Most marriages end poorly. You are not alone. Now, you and your partner are on different pages with everything and have to make decision. Dealing with the grief and loss of your marriage stirs up multiple emotions such as anger, anxiety, fear, frustration, sadness and bitterness to name a few. Wondering how to stay grounded in your decision making while managing your emotions takes efforts?
Here are 10 quick tips to keep in mind when managing the separation and creating a parenting plan
1. Be mindful and empathetic to your ex-partner. You are both grieving in your own and different ways.
2. Think about a schedule based on children’s age, development and needs with a focus on maintaining and fostering the parent/child relationships with each parent as much as possible.
3. Create a parenting schedule that is consistent and predictable, with some honest flexibility. Do you want your children to see you fight for years? They are only ‘children’ for a short time. Think big picture!
4. Children have a voice, consider obtaining their views and preferences particularly for children over 7 years old. Their choices may also change over time. Yet, the final decision is with the parents.
5. If you have access to a car and are already living in 2 homes, consider showing the children you care about their relationship with the other parent by dropping them off at the other home for their parenting time.
6. Just because you were the primary caregiver for the majority of the children’s lives, does not mean that the other parent should not have the opportunity to parent as well. They may surprised you and the children when given the space; or not. Either way utilize your reliable supports to help you through this change of parenting responsibilities.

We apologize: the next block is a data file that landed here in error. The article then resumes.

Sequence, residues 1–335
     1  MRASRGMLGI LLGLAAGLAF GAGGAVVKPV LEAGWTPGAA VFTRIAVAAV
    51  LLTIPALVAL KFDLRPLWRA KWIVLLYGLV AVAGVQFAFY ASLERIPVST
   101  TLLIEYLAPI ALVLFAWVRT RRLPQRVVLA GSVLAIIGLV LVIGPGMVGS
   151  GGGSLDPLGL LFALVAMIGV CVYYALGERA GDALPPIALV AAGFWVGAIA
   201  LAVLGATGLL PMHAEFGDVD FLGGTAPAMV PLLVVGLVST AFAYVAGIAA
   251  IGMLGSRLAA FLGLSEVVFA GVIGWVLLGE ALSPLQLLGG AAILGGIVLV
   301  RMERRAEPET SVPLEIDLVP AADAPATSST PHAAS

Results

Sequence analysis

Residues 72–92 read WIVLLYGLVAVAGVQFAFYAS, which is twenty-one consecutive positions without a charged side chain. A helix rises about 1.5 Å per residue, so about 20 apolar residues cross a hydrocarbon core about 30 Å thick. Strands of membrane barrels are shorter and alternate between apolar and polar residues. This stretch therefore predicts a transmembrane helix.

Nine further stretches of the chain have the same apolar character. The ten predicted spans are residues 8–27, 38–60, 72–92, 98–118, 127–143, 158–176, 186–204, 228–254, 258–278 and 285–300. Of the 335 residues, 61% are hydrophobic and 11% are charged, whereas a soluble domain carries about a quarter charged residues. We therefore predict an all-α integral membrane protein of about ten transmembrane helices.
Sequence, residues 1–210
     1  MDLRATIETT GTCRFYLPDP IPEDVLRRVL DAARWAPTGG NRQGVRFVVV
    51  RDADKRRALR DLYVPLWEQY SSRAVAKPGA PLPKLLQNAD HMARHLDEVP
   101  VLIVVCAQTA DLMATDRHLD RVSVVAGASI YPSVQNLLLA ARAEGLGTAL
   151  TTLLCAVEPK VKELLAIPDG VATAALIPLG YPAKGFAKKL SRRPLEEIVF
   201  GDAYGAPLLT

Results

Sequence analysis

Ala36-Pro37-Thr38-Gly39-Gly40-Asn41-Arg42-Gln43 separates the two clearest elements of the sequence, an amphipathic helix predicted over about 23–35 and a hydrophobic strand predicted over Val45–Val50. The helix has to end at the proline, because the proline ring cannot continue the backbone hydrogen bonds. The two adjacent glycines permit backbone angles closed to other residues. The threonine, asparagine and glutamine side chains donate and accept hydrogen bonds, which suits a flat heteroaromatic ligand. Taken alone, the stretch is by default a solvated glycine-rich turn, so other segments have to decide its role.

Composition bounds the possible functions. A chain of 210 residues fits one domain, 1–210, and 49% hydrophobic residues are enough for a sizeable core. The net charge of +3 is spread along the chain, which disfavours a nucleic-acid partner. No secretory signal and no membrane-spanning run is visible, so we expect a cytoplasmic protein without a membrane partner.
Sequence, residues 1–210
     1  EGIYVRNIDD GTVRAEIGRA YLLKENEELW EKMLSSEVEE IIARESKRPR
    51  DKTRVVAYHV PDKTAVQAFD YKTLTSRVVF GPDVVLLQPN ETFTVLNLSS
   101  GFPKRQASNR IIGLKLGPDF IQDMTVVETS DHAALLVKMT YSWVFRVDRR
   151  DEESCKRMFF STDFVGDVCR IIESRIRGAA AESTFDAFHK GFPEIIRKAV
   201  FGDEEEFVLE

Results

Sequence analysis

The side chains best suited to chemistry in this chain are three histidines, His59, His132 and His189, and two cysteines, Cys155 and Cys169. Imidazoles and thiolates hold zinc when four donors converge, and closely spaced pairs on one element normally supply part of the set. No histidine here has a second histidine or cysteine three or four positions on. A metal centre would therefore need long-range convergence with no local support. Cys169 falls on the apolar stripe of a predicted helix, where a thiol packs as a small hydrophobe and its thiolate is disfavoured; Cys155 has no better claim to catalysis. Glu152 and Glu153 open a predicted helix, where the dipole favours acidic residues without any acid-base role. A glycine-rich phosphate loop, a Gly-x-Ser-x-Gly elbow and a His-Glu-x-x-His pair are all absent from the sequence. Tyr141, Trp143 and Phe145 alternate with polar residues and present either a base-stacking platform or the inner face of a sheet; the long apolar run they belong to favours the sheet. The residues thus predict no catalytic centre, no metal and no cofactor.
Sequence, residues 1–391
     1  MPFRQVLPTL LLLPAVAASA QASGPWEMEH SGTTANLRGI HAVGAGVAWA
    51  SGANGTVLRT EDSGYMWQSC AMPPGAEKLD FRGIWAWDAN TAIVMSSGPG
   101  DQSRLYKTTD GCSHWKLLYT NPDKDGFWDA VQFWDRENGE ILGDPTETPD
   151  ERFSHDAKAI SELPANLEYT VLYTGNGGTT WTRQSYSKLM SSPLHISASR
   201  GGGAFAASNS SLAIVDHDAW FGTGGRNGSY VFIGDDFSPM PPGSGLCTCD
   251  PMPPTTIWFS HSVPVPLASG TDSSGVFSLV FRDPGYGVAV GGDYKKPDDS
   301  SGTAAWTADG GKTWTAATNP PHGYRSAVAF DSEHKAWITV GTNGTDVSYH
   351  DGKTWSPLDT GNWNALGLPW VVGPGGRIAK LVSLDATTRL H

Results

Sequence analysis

7. Consider how decisions are made. Will they be made jointly, will one person make the final decision while consulting the other parent or will you need a parenting coordinator to assist with managing the plan? Where do you stand with religion, education, medical (including immunizations), holidays, introducing new partners, psycho-social support (therapy), vacation and extracurricular activities.
8. Consider how you will communicate moving forward. Through an app or texting? Think about the language and tone, remove emotion and hurtful comments.
9. Respect the children’s time and think about quality over quantity when doing a virtual chat or speaking on the phone during other parents time.
10. Share this list with your ex. The longer the conflict continues, the less likely ALL members of the family are able to emotionally heal and move forward with their lives. Your children will remember how their parents behaved and treated each other during this time.
Bonus: Remember, Children are resilient yet the goal is to aim for them to thrive not just survive your divorce.
Depending on your personal situation, your lawyer, mediator, divorce therapist or coach can assist you with questions, help ground your thinking and process with you what makes the most sense for you.